My therapist says that recovery happens in a repetitive cycle of exploration, expression, and containment. I can attest personally to the truth of this.
It’s been almost 30 days since I last wrote. This is my second cycle through containment since I first started this journey.
It’s been 10 months since I first shared my story with friends and family after decades of suppression. You can read it here.
As I shake the fog of my latest battle with lethargy I have been really thinking about how I move through these stages of recovery.
Through exploration, I have learned much about CPTSD, PTSD, anxiety, insomnia, and flashbacks. I have been learning the reality of all the lifelong effects of childhood abuse, of continued and multiple forms of trauma, and of family betrayal. I have learned the horrifying statistics of this form of abuse and how commonplace it actually is. We survivors are many.
I have explored the depths of my own mind and memories, sometimes by choice, sometimes not. I have explored the vast expanse of the emotions I have locked away for decades. I have searched out and tried to connect to the lost little girl within.
Through expression, I have shared my story with friends and family. I have created a space here for myself to share and I have connected with many survivors and advocates. I have journaled, written poetry, and clocked many hours with my counselor. I have also become a contributor on The Mighty (see one of my articles here) in the hopes of reaching more survivors so they know they are not alone.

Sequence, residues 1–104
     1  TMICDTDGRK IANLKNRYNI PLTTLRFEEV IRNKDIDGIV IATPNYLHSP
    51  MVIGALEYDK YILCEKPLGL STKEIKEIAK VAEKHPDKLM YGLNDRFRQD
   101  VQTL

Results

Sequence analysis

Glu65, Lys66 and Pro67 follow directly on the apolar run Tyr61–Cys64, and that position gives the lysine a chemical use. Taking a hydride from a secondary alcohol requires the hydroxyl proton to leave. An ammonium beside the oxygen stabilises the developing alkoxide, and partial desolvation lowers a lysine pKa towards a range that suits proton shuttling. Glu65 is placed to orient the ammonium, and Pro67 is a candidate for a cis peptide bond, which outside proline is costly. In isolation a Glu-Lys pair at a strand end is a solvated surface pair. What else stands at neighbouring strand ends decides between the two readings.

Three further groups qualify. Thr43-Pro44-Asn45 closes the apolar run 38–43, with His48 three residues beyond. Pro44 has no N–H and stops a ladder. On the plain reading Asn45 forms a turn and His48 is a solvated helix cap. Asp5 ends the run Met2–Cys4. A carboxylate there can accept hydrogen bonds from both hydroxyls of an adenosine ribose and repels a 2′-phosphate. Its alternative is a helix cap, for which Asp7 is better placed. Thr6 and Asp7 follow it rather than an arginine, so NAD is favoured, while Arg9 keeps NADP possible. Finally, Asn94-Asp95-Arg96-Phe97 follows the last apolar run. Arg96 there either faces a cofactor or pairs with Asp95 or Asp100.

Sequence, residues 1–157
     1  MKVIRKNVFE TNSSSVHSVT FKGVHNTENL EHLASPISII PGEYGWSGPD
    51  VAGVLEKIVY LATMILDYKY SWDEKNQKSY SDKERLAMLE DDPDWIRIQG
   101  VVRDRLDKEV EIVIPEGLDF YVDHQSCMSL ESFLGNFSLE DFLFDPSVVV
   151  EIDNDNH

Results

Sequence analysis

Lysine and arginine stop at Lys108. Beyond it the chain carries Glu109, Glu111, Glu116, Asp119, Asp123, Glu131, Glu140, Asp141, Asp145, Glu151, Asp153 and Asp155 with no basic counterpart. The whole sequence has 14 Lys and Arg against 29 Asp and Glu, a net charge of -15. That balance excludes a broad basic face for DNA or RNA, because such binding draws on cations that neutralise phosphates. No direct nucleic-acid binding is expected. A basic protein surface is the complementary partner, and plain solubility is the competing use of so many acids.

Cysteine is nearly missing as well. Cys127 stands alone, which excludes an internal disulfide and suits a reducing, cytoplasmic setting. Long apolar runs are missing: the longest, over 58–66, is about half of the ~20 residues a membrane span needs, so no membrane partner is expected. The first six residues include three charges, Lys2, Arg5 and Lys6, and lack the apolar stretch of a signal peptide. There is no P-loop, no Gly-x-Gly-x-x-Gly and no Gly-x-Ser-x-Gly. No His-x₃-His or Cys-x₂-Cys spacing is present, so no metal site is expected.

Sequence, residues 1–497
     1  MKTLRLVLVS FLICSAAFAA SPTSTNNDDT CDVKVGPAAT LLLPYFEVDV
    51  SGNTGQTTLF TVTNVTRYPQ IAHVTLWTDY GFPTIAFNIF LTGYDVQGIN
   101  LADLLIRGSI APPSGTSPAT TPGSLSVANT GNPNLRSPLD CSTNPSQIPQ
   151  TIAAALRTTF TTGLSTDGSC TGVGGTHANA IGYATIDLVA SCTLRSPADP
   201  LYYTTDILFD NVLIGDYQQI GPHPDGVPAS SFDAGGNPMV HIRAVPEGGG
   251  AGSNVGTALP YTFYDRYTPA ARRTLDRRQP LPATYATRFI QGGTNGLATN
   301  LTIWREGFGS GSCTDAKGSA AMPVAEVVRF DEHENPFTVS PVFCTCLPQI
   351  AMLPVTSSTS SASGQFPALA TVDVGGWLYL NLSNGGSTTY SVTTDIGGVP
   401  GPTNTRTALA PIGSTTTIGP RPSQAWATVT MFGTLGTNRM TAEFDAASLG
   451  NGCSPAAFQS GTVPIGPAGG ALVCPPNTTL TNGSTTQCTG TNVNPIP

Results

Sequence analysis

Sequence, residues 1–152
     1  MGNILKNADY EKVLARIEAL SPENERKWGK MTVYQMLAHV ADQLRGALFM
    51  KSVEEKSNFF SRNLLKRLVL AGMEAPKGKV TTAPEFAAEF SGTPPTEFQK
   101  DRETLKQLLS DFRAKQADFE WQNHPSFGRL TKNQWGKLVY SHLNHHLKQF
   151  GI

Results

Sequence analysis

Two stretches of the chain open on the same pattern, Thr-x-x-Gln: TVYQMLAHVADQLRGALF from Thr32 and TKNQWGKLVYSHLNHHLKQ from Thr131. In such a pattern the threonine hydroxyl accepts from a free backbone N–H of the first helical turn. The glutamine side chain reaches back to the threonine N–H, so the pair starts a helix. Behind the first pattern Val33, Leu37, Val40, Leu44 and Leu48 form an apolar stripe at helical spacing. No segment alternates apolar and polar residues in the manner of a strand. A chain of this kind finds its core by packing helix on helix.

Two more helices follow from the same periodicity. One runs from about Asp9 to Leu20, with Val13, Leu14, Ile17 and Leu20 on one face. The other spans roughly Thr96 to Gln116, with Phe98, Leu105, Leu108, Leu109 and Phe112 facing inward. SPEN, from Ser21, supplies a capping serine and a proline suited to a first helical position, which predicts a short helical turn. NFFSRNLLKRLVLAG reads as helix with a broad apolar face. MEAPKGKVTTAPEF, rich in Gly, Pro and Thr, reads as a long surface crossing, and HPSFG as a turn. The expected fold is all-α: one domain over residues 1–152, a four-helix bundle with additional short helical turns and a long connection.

Finally, after expending all of that energy, after sifting through all of the ugliness of my memories and the locked up emotions, which are so intense, I find myself drained and in need of calm away from the chaos. Through containment, I find that I withdraw from the limelight, I don’t actively try to process, I don’t explore emotions, I stay away from pop culture or anything that may knowingly trigger me. I just need time to recharge, to regain my footing. It’s often hard for me to fight off depression during containment.
The weight of childhood sexual abuse and the betrayal by those who were supposed to protect me can be crushing.
In this last instance, I stopped writing. I stopped actively pursuing the emotions I was feeling and where they were taking me because it got to be too much. Other than therapy, I didn’t talk about it or think about it.
Even now, a month later, I could still easily sit out a few more weeks or months of not feeling. I still feel the pull toward silent withdrawal. It’s safe in containment.
Still, it is so nice to write again; it is a sign that even though it doesn’t always feel like it, I am progressing. It also confirms that being patient with myself is well placed compassion.
Each time I make it through this cycle of exploration, expression, and containment, I feel more confident in my ability to cope with the traumas of my past. Recognizing the stage of the cycle makes it easier to progress through them.
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